RAF West Drayton

Coordinates: 51°30′18″N 0°27′41″W / 51.5049°N 0.4615°W / 51.5049; -0.4615
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Royal Air Force West Drayton
Activec1918 to 1994
CountryUnited Kingdom
BranchRoyal Air Force
Royal Naval Air Service
Garrison/HQWest Drayton (Stockley), Middlesex
Royal Air Force Ensign

RAF West Drayton was a non-flying Royal Air Force station in West Drayton, within the London Borough of Hillingdon, which served as the main centre for military air traffic control in the United Kingdom. It was co-located with the civilian London Air Traffic Control Centre to provide a vital link between civil and military flying and airspace requirements. Following the departure of the remaining civil and military air traffic control systems by 2008, the site was closed and demolished for a new residential development.


West Drayton RAF station was operating in 1918 as an RAF Air Construction Corps (A.C.C.) depot and was located in the Stockley area of the Yiewsley Urban District.[2] Before the creation of the RAF on 1 April 1918, buildings at Stockley were occupied by the Royal Naval Air Service (R.N.A.S.). By October 1920 the depot accommodation buildings used by the R.N.A.S. had been vacated and both the Yiewsley Urban District Council and the Uxbridge Rural District Council requested for the buildings to be used for the housing of demobilised soldiers and sailors.[3] However this was declined by the Secretary of State for War and Air, Winston Churchill.[4]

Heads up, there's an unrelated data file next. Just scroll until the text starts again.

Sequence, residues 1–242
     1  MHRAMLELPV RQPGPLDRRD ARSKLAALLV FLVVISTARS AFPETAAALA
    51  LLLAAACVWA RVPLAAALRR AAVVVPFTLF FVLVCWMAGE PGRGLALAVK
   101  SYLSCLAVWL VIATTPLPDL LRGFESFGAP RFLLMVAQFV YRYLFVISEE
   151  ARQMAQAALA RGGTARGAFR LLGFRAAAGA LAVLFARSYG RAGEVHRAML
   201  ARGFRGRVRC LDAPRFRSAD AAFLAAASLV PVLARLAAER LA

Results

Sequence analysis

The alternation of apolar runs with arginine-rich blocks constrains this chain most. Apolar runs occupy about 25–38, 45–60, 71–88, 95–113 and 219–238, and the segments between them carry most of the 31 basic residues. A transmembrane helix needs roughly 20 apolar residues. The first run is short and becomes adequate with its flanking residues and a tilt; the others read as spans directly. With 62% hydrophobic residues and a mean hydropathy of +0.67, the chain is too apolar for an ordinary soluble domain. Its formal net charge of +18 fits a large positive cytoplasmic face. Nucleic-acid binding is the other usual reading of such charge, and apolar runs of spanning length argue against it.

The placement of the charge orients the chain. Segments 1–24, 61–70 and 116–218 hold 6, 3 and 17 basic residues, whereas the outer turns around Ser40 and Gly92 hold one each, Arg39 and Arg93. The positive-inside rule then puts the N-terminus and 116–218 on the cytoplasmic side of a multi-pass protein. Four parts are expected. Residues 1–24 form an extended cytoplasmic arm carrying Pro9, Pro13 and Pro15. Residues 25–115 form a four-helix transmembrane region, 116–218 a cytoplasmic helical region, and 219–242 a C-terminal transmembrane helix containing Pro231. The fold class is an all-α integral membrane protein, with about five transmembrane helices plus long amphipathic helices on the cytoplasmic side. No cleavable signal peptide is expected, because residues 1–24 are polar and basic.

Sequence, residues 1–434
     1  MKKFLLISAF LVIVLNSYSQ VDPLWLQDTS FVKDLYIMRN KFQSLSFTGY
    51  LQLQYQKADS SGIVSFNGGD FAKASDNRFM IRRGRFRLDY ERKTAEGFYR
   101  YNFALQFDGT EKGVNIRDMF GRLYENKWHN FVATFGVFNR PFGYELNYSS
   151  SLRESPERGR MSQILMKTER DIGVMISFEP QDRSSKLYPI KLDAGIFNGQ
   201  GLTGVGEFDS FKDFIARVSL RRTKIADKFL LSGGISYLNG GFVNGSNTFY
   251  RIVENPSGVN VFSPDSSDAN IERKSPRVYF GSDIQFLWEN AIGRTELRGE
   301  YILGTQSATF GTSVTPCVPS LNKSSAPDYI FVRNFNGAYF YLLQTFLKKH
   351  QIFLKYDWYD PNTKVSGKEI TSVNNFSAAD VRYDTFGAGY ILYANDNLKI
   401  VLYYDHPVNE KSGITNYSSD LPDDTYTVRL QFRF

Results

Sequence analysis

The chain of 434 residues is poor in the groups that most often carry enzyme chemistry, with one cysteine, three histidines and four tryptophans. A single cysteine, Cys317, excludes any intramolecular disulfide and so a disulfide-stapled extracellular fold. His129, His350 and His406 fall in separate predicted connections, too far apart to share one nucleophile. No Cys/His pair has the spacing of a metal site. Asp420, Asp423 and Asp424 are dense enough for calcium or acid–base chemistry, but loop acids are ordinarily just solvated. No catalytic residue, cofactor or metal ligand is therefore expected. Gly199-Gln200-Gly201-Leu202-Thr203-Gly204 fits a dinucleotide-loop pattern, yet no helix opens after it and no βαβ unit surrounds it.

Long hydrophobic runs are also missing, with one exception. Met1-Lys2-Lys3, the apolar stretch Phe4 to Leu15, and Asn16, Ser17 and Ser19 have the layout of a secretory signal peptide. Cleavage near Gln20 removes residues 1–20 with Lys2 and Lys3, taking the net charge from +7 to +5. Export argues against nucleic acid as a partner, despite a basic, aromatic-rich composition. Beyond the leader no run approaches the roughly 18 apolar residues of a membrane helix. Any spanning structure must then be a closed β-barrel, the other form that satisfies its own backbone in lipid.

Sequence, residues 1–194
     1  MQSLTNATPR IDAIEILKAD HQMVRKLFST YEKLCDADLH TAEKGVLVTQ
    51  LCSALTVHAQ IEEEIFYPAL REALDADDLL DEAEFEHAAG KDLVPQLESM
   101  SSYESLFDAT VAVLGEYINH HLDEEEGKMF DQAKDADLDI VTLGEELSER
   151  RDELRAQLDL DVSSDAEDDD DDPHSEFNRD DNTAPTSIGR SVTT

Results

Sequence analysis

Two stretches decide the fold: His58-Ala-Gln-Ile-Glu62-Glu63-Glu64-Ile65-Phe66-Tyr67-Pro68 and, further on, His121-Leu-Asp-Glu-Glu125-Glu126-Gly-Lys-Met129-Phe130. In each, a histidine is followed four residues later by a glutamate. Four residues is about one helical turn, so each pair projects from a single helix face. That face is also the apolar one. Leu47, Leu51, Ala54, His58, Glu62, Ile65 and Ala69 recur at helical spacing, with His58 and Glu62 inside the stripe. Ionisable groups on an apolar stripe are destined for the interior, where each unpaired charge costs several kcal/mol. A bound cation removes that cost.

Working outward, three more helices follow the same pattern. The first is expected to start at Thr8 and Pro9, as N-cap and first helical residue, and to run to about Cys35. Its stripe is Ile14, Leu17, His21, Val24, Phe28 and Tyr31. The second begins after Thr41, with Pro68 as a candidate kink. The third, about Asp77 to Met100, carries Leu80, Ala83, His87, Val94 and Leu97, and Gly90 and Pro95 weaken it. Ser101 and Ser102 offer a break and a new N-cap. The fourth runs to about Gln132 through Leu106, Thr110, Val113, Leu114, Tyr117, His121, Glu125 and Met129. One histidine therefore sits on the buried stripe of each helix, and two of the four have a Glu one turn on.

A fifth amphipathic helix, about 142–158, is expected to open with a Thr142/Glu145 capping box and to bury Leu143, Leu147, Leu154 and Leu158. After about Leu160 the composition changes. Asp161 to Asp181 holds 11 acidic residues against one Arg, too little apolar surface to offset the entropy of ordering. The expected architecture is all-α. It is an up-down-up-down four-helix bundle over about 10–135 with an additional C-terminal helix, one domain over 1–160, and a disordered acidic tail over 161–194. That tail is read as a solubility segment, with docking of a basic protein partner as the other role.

Between 1920 and 1923 public sales by auction of large quantities of the depot stores were held on behalf of the U.K. Government.[5]

On 1 September 1924 the West Drayton RAF Station became an reception depot for new entrants.[6] Wing Commander Alexander Shekleton D.S.O. took command of the depot.[7]

On 30 October 1939 it became a Women's Auxiliary Air Force (WAAF) new-entrant depot.

The station was used to house 700 athletes competing at the 1948 Summer Olympics in London, together with RAF Uxbridge and Richmond.[8]

From 1951 until 1962 the station accommodated the 3911th Air Base Group United States Air Force in addition to RAF personnel.[9]

Air Traffic Control Operations[edit]

View across the site

The station became a unit of No. 11 Group RAF in January 1965.[10]

RAF West Drayton was also the home of the Linesman System, hence the main Operations Building being known as the L1. The system used Link 1 to exchange Air Defence data between the UK and Europe. There were links to Continental Early Warning (CEW) sites at: Reitan, Maakeroy, Vaedbek, Nieuw-Milligen, Glons and Doulons.

Aerospace System Operators (ASOps or Scopies) were responsible for the tracking and identification of every flight – military and civil, that entered or left the UK Air Defence Region (UKADR). This was a labour-intensive task in the days before automatic initiation and tracking systems, but a big improvement on the plotting table and small perspex plaques with information written on them. The School of Fighter Control continued to teach plotting and writing backwards until 1990.

The School of Fighter Control moved to RAF West Drayton from RAF Bawdsey, training junior officers to be Fighter Controllers. In addition to teaching RAF officers, foreign and commonwealth students also attended, and there was even one course of Yugoslavian MiG pilots.

The station also became responsible for collecting and analysing many reports of UFOs after information was received by the Ministry of Defence.[11]

Closure and redevelopment[edit]